Maruti Suzuki goes back to drawing board for electric car programme

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Thirty-four years after rolling out the country’s first people’s car, Maruti Suzuki India Ltd is back at the drawing board.

Image for representational purpose only

The trigger: the coming shift to emission-free electric vehicles (EVs), the kind of change that comes once in a lifetime. The company is looking for lithium suppliers for a lithium ion battery plant in Gujarat, planning to build a brand new electric car for India, and working with its dealers to set up charging networks, managing director and chief executive officer Kenichi Ayukawa said in an interview. The efforts are part of Maruti’s initiatives to move towards an electric car portfolio.

According to Livemint, Ayukawa said “In a sense, we are trying to challenge ourselves as the time has come to change the game. Hence, we have to review (our strategy) and start again from zero.” “We need to decide if we want to buy (lithium) from a (Latin) American country or some other country. We need to find a source for that.”

The company is also running a nation-wide survey to understand the needs and expectations of customers in the EV segment.

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Seeking government support, Ayukawa said that if the supply of lithium is constrained, it will hinder the country’s EV programme. “If we cannot get lithium, we cannot make such kind of a product.”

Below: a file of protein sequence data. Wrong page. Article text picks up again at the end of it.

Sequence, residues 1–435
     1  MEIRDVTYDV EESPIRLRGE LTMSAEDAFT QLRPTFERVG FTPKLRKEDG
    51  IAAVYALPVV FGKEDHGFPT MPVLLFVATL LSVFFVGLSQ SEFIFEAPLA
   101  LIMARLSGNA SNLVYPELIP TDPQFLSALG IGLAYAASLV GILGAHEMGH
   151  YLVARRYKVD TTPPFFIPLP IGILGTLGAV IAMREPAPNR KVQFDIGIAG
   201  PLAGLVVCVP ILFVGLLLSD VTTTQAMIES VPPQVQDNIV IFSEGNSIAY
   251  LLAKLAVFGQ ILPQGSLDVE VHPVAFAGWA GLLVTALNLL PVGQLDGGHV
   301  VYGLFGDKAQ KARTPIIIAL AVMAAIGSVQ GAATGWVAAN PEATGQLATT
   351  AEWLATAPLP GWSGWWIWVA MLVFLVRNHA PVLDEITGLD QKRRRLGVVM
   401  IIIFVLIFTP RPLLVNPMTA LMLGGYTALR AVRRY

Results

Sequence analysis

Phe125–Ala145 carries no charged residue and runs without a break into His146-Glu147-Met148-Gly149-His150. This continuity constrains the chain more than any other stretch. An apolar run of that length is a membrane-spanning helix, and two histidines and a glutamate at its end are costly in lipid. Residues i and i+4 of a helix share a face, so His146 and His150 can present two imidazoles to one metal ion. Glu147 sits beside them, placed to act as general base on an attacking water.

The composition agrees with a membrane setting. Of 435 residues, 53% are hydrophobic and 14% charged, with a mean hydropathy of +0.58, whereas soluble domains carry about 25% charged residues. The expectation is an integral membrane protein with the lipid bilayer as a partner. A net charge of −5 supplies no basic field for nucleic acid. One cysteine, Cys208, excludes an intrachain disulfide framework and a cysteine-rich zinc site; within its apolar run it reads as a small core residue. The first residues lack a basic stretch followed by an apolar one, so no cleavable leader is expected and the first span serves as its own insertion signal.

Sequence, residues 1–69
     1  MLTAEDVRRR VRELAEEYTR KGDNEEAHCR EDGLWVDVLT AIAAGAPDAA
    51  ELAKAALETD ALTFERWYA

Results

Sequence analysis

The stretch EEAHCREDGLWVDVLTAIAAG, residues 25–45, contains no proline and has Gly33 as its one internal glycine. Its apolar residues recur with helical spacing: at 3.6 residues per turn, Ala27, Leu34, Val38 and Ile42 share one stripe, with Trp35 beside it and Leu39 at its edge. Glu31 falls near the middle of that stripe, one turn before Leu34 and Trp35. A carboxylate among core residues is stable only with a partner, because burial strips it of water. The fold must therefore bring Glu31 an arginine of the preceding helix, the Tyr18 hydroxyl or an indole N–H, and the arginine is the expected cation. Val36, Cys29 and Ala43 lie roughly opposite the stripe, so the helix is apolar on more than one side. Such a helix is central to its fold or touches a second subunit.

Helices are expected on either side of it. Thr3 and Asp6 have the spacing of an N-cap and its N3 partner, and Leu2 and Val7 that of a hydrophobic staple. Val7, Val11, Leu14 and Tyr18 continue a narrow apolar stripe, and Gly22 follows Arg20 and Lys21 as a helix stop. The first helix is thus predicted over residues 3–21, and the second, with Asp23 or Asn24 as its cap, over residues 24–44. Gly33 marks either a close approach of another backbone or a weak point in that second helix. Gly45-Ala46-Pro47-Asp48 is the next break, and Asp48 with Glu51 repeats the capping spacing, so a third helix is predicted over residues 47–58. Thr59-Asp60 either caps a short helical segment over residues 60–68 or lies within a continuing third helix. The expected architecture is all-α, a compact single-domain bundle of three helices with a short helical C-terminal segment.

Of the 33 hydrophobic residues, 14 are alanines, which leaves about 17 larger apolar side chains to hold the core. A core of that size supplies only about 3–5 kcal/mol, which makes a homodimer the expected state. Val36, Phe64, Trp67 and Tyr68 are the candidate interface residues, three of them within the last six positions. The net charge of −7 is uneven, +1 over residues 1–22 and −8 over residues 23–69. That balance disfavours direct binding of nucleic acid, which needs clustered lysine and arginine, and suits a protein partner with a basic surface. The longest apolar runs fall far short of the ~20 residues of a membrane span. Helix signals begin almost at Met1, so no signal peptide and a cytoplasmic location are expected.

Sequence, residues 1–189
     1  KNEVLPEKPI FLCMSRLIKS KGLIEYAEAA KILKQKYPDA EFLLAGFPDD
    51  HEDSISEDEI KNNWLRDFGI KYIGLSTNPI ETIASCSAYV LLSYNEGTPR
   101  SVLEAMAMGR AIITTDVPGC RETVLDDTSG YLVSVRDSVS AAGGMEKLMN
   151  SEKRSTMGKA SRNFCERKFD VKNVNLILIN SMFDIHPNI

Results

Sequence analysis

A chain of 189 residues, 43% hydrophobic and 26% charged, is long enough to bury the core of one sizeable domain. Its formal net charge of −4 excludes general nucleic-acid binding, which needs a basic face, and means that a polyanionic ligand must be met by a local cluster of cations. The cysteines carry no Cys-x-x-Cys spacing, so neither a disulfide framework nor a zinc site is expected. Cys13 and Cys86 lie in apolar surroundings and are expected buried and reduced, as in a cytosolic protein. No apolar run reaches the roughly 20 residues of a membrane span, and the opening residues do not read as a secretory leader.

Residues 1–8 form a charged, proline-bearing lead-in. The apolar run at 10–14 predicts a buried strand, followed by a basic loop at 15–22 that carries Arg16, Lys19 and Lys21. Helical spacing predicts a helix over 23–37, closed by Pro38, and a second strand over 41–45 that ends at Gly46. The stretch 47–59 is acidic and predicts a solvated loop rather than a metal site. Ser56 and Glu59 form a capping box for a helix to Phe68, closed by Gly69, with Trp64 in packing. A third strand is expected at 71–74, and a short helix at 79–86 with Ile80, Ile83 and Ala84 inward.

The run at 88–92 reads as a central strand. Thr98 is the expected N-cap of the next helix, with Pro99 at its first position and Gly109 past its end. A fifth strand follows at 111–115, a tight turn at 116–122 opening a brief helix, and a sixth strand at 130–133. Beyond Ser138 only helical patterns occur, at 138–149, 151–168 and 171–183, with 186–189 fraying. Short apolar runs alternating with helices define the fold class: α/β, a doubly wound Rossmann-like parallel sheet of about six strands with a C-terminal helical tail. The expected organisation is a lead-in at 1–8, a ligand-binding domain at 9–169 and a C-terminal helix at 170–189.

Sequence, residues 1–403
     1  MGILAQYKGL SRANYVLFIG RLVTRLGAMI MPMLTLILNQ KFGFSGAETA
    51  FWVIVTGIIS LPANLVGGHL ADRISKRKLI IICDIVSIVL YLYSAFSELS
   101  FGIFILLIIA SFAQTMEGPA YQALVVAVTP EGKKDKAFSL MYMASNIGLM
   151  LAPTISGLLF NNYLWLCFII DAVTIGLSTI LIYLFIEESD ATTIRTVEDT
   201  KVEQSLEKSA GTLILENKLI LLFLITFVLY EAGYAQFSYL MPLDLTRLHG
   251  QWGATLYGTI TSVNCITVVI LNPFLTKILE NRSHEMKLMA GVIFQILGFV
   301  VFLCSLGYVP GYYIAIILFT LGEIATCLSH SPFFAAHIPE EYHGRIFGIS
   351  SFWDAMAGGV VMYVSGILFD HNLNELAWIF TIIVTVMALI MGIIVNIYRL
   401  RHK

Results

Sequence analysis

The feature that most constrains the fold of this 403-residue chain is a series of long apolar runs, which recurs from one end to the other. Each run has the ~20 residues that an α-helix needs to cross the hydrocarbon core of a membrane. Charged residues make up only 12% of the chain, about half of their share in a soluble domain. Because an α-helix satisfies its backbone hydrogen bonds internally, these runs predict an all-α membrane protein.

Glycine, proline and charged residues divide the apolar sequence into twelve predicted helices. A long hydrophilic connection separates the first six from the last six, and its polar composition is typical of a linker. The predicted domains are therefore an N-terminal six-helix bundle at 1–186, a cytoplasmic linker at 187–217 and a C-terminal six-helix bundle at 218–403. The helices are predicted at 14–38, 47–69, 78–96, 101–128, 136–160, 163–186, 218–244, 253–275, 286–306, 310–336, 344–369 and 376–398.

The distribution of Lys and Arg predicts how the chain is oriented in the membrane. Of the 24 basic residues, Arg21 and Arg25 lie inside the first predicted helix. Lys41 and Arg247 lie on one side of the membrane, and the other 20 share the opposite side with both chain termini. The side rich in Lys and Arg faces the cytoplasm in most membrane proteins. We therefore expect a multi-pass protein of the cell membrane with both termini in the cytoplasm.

Ayukawa claims the Suzuki battery plant coming up in Gujarat will give it the first-mover advantage; however, local rivals Mahindra & Mahindra Ltd and Tata Motors Ltd are already ahead in the EV game. Besides, Maruti will enjoy none of the benefits of the licence regime that prevailed when it was still a fledgling automaker.

The Indian government has been categorical about promoting fully electric vehicles. It has clearly dissuaded mild, full or plug-in hybrid vehicles by substantially increasing taxes under the goods and services tax. The government has stated its intent to move to an all-electric fleet by 2030.

Ayukawa understands that the Indian government is looking for a solution to cut pollution levels and the move to introduce an electric fleet is aimed in that direction.

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